A caller to my radio show last week had a really good analogy for insurance.
He said that we should imagine an insurance company as a bucket. The premiums we pay for coverage is water flowing into the bucket. In the bottom of the bucket, though, are holes which represent health care the insurance company is obligated to pay for. The problem we’re having is finding a balance between the water pouring into the bucket and the water dripping out of the bottom.
The problem is that the government is controlling both sides. In the past, and under Obamacare particularly, the government has not only restricted how much “water” can flow into the bucket but also punched more holes in the bottom by creating all sorts of mandates insurers must cover. What I’m talking about are policies like covering “children” until they’re 26 years old or “community ratings” which require insurance companies to charge the same price to everyone in a given region regardless of things which impact the cost of their health care.
Like age. Or pre-existing conditions.
Which brings us to the health care bill passed by the House last week. It contains four major reforms:
- Repeals the individual mandate
- Repeals the employer mandate
- Repeals the essential health benefits mandate
- Repeals community ratings
For insurance companies it’s a mixed bag. On one hand they’re losing a legal mandate for people and/or their employers to buy their product. On the other hand, they’re regaining some ability to price coverage based on actual costs and not political idealism.
Naturally this has caused the left to flip out and accuse Republicans of wanting to kill people and deny coverage to rape victims and stuff.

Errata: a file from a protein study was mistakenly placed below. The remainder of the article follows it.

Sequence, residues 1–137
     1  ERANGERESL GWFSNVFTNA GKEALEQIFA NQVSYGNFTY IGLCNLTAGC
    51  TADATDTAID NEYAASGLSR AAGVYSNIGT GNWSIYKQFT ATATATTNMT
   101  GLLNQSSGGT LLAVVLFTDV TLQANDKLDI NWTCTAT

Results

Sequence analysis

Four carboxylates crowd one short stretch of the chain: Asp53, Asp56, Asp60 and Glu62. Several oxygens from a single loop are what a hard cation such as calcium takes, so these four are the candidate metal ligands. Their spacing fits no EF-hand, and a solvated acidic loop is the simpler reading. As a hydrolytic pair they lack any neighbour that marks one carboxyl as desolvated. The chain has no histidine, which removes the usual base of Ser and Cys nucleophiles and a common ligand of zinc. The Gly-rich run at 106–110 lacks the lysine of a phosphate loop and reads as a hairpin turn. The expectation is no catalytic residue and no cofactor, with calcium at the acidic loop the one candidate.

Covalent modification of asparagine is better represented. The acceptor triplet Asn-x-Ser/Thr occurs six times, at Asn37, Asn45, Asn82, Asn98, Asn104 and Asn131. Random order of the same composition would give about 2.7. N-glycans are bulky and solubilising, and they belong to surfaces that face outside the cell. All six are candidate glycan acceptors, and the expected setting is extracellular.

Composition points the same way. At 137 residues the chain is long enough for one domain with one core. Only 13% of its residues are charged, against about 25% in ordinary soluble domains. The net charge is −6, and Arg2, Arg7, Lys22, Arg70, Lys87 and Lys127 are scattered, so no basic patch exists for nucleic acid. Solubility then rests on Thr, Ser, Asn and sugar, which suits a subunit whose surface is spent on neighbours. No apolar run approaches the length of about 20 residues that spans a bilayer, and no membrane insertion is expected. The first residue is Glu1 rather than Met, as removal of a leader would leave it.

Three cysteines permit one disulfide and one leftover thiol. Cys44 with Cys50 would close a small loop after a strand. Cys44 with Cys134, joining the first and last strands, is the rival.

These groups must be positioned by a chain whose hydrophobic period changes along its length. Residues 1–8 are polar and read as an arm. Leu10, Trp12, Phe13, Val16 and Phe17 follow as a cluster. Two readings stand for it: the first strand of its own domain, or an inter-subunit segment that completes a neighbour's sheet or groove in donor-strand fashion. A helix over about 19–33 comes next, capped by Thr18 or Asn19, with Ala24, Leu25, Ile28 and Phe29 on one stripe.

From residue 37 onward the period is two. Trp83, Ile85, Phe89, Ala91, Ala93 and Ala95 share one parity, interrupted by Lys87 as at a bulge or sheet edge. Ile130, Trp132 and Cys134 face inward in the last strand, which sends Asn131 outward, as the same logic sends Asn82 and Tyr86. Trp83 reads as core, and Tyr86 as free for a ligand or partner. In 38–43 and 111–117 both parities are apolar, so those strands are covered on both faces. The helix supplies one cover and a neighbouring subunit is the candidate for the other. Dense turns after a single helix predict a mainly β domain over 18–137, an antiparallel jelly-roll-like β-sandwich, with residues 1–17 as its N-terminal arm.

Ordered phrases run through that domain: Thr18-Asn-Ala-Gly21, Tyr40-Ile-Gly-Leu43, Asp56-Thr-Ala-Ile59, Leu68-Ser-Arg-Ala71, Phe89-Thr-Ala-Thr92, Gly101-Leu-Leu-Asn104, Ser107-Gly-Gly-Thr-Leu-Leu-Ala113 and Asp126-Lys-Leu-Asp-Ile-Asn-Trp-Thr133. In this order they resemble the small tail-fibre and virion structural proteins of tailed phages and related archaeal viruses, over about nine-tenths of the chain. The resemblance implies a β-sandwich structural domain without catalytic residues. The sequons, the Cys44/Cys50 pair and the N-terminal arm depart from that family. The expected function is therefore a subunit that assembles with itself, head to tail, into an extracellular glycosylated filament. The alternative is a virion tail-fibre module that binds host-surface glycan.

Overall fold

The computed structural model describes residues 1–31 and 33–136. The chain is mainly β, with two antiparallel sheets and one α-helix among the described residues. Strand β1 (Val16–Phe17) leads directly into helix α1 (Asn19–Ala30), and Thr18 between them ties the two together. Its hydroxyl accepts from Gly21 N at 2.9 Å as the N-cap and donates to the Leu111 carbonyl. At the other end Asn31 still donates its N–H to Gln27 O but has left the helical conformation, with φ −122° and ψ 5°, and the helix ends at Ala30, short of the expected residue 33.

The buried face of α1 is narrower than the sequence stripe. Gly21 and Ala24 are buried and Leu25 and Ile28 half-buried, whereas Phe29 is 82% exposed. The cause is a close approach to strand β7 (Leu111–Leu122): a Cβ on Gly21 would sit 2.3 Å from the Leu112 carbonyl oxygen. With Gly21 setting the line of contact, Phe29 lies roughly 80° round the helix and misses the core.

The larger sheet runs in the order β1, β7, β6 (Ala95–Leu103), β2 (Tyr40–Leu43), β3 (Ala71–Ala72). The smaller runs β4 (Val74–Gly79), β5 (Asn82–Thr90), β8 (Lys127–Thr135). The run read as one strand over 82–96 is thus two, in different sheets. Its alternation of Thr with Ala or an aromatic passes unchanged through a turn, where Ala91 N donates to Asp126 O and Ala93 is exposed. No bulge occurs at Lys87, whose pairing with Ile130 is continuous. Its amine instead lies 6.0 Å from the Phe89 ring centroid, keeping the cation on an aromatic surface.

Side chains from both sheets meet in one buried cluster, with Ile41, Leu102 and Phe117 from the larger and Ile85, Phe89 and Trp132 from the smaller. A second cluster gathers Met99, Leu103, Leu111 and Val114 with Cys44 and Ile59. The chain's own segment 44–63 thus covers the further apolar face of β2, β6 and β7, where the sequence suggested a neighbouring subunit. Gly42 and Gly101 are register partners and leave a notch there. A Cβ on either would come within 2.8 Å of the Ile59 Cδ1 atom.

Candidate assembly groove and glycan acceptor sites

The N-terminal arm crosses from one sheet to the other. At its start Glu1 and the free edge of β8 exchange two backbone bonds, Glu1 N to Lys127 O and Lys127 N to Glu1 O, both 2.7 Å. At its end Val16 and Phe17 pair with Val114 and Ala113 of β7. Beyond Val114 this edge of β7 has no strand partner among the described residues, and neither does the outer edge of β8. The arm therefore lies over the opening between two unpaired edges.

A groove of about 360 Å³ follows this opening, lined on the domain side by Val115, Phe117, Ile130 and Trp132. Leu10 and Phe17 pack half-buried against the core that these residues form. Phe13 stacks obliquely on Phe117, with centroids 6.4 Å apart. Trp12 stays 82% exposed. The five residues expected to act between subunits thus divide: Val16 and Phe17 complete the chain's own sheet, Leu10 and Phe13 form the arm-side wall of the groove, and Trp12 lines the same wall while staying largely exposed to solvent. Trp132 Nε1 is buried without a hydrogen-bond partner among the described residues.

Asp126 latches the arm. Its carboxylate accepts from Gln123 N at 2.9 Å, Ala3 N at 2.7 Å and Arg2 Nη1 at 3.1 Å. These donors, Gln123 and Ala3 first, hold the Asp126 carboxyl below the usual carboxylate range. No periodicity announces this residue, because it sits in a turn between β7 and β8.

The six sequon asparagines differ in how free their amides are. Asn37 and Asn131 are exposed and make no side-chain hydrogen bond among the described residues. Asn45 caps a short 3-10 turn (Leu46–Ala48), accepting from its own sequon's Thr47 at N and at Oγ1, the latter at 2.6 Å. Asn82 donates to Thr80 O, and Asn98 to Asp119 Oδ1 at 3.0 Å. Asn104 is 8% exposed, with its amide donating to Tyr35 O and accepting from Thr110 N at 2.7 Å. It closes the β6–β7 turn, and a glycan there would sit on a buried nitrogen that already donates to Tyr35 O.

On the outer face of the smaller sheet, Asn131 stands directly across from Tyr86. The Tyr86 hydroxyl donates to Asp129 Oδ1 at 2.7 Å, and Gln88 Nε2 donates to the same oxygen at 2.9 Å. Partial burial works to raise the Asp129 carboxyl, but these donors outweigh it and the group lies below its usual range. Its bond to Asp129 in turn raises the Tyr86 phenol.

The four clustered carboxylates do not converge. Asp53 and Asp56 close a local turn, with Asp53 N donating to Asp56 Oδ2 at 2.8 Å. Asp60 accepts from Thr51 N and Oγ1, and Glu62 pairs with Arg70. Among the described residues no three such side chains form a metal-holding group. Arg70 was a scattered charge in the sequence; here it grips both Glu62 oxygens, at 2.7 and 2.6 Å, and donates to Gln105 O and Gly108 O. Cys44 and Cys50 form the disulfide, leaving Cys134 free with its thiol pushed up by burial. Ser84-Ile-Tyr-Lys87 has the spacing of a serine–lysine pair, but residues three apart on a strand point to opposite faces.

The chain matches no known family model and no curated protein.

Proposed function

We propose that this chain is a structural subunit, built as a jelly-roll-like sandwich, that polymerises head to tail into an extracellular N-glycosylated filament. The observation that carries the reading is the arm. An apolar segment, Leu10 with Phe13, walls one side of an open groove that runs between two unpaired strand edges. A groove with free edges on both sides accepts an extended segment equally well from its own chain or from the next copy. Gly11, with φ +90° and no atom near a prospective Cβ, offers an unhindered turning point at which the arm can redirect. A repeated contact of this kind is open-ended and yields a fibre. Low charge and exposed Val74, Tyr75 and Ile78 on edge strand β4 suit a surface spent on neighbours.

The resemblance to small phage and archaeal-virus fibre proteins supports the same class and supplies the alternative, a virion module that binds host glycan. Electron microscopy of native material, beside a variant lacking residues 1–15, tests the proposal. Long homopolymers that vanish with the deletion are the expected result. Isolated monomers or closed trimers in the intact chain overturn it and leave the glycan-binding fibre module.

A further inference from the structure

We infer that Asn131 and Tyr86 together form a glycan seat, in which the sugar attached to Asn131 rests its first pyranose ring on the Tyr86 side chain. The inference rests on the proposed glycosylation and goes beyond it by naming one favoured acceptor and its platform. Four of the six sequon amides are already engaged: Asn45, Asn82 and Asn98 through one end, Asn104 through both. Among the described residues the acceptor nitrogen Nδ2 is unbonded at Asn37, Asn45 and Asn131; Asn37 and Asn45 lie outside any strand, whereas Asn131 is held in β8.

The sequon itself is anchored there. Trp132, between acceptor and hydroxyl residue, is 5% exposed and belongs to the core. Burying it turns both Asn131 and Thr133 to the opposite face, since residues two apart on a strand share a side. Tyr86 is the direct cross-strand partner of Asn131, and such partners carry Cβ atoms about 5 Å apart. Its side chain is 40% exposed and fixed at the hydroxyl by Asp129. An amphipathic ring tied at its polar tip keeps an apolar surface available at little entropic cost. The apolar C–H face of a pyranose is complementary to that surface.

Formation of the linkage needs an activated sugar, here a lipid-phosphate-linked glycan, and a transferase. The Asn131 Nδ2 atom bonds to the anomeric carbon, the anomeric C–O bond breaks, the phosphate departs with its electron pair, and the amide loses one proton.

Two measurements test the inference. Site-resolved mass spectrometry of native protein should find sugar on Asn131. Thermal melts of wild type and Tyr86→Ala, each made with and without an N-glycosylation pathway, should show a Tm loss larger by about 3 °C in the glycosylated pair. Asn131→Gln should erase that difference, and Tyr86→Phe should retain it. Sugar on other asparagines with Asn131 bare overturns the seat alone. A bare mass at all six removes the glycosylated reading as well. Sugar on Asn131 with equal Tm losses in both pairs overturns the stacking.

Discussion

Former state lawmaker Ben Hanson has a letter to the editor in the Forum today calling Rep. Kevin Cramer’s vote for these reforms “appalling.” Other reactions from the left were even less nuanced:
House Republicans vote to sentence millions of Americans to death https://t.co/nXH5jnnoUH
— Daily Kos (@dailykos) May 4, 2017
It’s literally genocide, you guys.
But partisan hyperventilating aside, the health insurance policy problem we’re facing is the reality of that bucket my caller was talking about. Governor Doug Burgum told me last week that he doesn’t believe the House health care bill will become law. I agree, but we’ve got to do something.
[mks_pullquote align=”right” width=”300″ size=”24″ bg_color=”#ffffff” txt_color=”#000000″]Our friends on the left are making an argument about health insurance which is something akin to those magic weight loss commercials which claim that you can get skinny and healthy without dieting and exercising. People buy in because they desperately want it to be true.[/mks_pullquote]
It would be nice if everyone could get away with not paying for health insurance until they’re sick, or pay the same premiums whether they’re a 65 year old smoker or a 20 year old vegan, but insurance doesn’t work that way. It can’t work that way. You don’t have to take my word for it. Insurance companies are abandoning Obamacare because that policy, rammed through Congress unilaterally by a Democratic majority, fails the math test.
Our friends on the left are making an argument about health insurance which is something akin to those magic weight loss commercials which claim that you can get skinny and healthy without dieting and exercising. People buy in because they desperately want it to be true. Heck, I’m a big fat fatty, and I’d love if it were true.
But it’s not true.
You can’t get skinny and healthy just by taking a pill, and you can’t have a working health insurance market without price signals.
This has to be corrected, and unfortunately the correction will have to happen over protests and tantrums from the children who think we can all live in a political fantasy world where things like price signals don’t matter.